Bailing children out of mistakes A parent's natural instinct is to protect our children from the day they are born.  This protection is at first for safety reasons.  Later, it can evolve into protecting them from mistakes that we have made. Unless there is severe physical, mental, or financial harm, I would let the child make the mistake and learn from its consequences.  You may offer choices and explain the impact of the choice they are about to make, yet delaying the learning can make the mistake even more painful later in life.  In addition, even if you are right, teens are not known for listening to parents (especially when force is used).  They will listen more when they learn the wisdom of your experience from making their own mistakes and learning that your words of wisdom were actually right.


  • Discuss your finances with your children - We all can learn by examples.  By explaining how you handle your money, you children will learn from your examples and mistakes.  I remember conversations around our dinner table while growing up about investing in the stock market.  So, when I graduated out of college, I made sure I invested my 401(k) at work in the stock market.
  • Addition by subtraction - It is sometimes what you do not give to your children that can be a valuable lesson.  By the time your children are in high school, you have probably increased your standard of living substantially from the time that you left your parents home.  So, you may be sharing your wealth with your kids by buying them a car, iPod, or other cool toys.  The question is when your children start off on their own, will they be able maintain this lifestyle?  Most can not but try to anyway, and get into credit card debt and avoid savings for a house and retirement because they are trying to live a lifestyle they became accustomed to but can not afford on their own.  So, even if you can afford to spoil your children, your children may be better off living more modestly in high school to ease the transition when they leave home to their first entry level position.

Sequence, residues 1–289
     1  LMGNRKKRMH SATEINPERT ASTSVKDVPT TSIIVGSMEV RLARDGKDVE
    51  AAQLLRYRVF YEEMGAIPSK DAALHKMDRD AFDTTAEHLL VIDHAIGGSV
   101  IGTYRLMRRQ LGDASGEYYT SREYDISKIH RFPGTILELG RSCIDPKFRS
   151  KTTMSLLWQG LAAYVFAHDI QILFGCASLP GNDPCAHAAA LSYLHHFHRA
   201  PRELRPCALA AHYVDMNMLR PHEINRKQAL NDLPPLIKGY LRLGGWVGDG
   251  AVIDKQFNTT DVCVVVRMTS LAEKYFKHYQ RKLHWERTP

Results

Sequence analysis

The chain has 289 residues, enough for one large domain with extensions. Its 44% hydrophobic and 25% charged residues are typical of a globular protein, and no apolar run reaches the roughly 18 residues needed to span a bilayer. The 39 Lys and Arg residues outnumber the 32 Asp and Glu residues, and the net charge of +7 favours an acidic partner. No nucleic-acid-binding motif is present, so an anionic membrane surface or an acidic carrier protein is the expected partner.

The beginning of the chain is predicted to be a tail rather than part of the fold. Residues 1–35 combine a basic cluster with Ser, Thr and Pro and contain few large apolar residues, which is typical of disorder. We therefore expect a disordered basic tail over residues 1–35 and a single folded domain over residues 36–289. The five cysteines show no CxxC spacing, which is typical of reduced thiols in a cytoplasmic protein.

Most of your child's learning will be based on what he experiences.  It is not about teaching the fundamentals of investing that is important, but rather what he learns about dealing with money through an allowance and life experience.  So share your life experiences with money because it is just as valuable as your child learning it on his own.  However, be cautious on how your share your experiences with your children.  If it is in a way of complaining about how tight money is while not discussion solutions, your child may fall into a trap of believing money is a struggle and it is impossible to get ahead in this world.  So, discuss the options and solutions so that they can see how they can overcome their problems when they occur later in life.